- Jennifer Tzar
With a knack for magical realism, photographer Jennifer Tzar hones in on the modern-day fairy tale with her work. "Real life is not that interesting to me," says the Minnesota-born Tzar. "I want to create a world where people want to be a part of it, but they don't know what it is. A place they've never seen before." Tzar's incongruous images are eerily cryptic; from high fashion models casting unsettling faces against stark landscapes to a sunken Bruce Springsteen, hidden beneath a layer of clouds. While some shots do reflect an aura of lightness—like a sprightly Juliette Lewis banging a hot pink drum on a grassy hill—most bear an unprecedented hint of darkness. "Everything looks too real with regular lighting. I like to tweak everything [in Photoshop] to make it a little bit off."
Although Tzar has worked in the fashion industry for nearly 30 years, she didn't having any initial intention to follow an artistic career path. She went to college for science, studying particle physics and biology. After landing a modeling gig, Tzar shifted her focus out of school and into the world of fashion in New York City. When she got pregnant with her daughter, she transitioned out of modeling and into a life as a wardrobe stylist. Eight years later—with the help of a then-photographer boyfriend—she began taking her own photos. Everything panned out naturally for her, and within a month, she picked up her very first photo gig with Levi's. "It took off really, really quickly," says Tzar. "I got sucked right into it." Over the next few decades, Tzar traveled internationally, shooting bits for magazines like Men's Vogue, Spin, and Discover, and shooting portraits musicians like Ozzy Osbourne, The Black Keys, and Mary J. Blige.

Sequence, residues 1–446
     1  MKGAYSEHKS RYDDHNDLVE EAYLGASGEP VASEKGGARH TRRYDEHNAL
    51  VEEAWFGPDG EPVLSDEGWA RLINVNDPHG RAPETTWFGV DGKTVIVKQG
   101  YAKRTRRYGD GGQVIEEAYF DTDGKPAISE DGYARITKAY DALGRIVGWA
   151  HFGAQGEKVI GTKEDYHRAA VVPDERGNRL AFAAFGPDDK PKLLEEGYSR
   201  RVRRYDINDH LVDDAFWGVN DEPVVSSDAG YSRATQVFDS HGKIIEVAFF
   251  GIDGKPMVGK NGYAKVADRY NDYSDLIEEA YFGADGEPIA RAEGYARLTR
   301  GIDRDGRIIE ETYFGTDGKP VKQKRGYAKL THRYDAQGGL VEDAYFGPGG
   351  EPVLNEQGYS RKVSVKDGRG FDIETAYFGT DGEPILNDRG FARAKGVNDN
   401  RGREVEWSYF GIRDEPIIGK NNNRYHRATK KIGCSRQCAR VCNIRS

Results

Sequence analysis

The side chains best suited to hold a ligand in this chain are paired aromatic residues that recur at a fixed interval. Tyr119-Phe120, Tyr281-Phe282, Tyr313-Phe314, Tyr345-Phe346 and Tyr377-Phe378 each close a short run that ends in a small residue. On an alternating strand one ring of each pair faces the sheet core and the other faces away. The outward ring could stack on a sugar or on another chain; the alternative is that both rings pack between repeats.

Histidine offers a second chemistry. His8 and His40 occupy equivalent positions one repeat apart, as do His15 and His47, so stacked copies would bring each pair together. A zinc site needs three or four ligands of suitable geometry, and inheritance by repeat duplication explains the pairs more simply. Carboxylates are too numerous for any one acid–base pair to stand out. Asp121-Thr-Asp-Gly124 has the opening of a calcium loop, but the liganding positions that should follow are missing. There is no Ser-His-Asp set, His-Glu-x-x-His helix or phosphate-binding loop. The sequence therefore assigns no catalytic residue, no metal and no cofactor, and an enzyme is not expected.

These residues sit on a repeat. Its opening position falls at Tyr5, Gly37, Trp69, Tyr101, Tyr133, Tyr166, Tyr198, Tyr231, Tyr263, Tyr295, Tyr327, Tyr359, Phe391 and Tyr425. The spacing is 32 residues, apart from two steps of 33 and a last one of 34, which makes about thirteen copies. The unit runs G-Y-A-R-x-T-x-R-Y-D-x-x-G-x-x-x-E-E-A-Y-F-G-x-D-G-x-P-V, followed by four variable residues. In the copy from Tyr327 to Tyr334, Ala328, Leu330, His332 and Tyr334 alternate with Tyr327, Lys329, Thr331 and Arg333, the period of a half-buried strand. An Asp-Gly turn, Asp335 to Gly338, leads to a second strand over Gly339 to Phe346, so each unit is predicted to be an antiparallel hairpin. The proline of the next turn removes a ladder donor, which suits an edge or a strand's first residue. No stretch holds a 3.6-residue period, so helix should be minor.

A film by Stephen Blauweiss.
Tzar she shot this month's cover photo with a Mamiya RZ67 camera at Saugerties' Opus 40—sculptor Harvey Fite's world-acclaimed, mesmerizing structure erected from the natural bluestone quarry beneath his feet. Fite's fantastical creation coincides with Tzar's offbeat characteristics. "It feels like there's an ancient Pagan wisdom to it. You can't find a bad angle there," Tzar says of Opus 40. Tzar wanted to emphasize the model's composition juxtaposed against the obelisk. The model's shape and empowering warrior stance complements the towering stone behind her, while also providing a sense of displacement.
For the moment, Tzar has hung up her camera, focusing her time around ÖR and a newfound love—writing screenplays. "I just keep moving. I'm not someone who's married to one thing," she says. What's next? She hopes to make a full-length movie about a hillbilly fairytale. Portfolio: http://jennifertzar.com/